The TripWorthy Compact First Aid kit is a budget-friendly option that also includes a number of items that would be better classified as survival gear than first aid supplies. The quality of the contents is reflected by the price, however, and although it would certainly "check the box" of having a first aid kit, we would not recommend this kit as being TripWorthy on any trip where it would really need to be relied upon. While this kit does have some interesting survival gear that could be useful to have in a car or RV, we would prefer bringing a higher quality first aid kit such as the Editors' Choice Winning Surviveware Small. Read our How to Choose the Best First Aid Kit Article to help decide which kit is right for your needs.
TripWorthy Compact Review
Cons: Low quality tools, poor performance, heavy
#8 of 8
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Our Analysis and Test Results
The TripWorthy Compact first aid kit consistently scored low our review metrics, and our reviewers felt that overall quality and usefulness was lacking. For some consumers, though, the added survival gear might make this a well-rounded kit for the trunk of a car.
Quality is a trait we are naturally concerned about, as the effectiveness of a piece of first aid equipment may be negated by a lack of quality. The TripWorthy kit fared poorly in comparison to other models in this metric. There were a few instances that we felt this kit was obviously subpar, but overall this basic kit was just underwhelming enough that we often opted for another kit when there was a remote chance of actually needing to use it.
From the outside, the TripWorthy Compact first aid kit features a durable heavy denier nylon case with a zippered clamshell opening and carrying handles. Inside the case, there are four clear plastic compartments with Velcro closures that aid in organization and ease of grabbing the supplies you need. Having four compartments is better organized than some packs, though we preferred a higher level of organization that includes more compartments with clear labels.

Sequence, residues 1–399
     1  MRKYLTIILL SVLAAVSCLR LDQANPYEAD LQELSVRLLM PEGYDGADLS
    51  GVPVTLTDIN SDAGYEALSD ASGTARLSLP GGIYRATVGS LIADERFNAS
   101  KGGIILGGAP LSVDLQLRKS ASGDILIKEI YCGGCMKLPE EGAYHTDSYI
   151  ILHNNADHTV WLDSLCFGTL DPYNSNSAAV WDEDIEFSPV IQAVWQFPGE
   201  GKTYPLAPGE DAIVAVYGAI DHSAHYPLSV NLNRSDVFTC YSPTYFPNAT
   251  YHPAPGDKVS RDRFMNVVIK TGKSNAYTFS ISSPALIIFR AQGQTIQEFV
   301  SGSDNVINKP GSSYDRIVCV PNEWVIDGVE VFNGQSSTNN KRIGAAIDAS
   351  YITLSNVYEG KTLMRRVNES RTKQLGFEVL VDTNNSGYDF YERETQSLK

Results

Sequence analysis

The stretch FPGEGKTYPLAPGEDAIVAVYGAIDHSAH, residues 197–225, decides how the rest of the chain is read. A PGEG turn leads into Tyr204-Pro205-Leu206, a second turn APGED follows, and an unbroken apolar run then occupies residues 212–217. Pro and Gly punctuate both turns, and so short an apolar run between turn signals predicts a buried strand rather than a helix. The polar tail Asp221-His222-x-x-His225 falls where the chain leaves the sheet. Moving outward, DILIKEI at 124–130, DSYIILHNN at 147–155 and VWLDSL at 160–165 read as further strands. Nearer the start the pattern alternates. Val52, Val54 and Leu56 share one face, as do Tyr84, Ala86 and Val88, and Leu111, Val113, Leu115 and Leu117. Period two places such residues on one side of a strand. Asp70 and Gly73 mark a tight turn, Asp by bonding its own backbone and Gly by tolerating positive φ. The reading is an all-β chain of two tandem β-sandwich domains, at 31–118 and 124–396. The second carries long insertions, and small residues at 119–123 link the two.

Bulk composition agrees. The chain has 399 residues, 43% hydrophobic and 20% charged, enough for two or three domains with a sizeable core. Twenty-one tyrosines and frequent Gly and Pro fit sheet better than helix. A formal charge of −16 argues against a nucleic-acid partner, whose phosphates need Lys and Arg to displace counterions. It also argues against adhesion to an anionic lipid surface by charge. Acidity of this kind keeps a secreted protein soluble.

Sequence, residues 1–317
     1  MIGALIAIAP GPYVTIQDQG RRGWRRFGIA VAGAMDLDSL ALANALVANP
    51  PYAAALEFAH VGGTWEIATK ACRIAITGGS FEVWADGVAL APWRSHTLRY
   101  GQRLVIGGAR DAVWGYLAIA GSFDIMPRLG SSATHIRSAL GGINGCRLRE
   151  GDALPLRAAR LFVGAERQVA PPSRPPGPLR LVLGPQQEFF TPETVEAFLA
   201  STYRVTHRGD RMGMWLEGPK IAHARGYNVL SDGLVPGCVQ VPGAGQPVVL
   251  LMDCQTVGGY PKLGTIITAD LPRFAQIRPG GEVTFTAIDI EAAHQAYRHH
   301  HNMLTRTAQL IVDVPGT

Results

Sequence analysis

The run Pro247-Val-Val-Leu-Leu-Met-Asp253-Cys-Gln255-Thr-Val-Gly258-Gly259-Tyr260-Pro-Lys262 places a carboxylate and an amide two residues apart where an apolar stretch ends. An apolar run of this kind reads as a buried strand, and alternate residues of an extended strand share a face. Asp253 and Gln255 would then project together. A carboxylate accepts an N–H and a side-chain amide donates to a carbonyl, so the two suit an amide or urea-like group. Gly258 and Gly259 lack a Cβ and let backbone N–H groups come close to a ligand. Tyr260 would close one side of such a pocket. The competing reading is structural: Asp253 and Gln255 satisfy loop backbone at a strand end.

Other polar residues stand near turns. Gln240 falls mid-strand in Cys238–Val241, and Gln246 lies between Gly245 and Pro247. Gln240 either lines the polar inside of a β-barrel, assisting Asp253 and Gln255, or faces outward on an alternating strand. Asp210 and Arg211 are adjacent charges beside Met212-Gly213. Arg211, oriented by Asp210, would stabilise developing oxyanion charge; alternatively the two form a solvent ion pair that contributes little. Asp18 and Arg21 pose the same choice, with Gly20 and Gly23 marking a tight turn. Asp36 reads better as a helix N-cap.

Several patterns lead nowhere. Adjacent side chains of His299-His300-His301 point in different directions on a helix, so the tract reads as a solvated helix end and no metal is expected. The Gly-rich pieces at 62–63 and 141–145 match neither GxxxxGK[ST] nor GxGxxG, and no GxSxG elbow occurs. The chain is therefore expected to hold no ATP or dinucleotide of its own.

Overall, the quality of the contents seems much lower than competing products reviewed. Triangle bandages easily tore in half when attempting to make sling and swath, adhesives on wound closure strips did not want to stick, especially to hairy skin, and the included vinyl gloves were oversized and prone to tearing. The scissors included were flimsy and unreliable. Judging the kit by the list of contents alone, it may be easy to see why the TripWorthy kit has garnered so many favorable online reviews, but if you need to use the contents in a real medical situation, you may be sorely disappointed in their reliability.
TripWorthy has made a first aid kit that does double duty as a survival kit in a pinch. There is an ample supply of wound closure strips and alcohol swabs, and gauze pads for small-scale wound cleaning and closure, and two triangular bandages for making cravats or slings out of, but otherwise this kit is notably lacking in general first aid supplies. Instead, survival type items like a disposable rain poncho, space blanket, sewing kit, micro compass and glow stick take up much of the space up.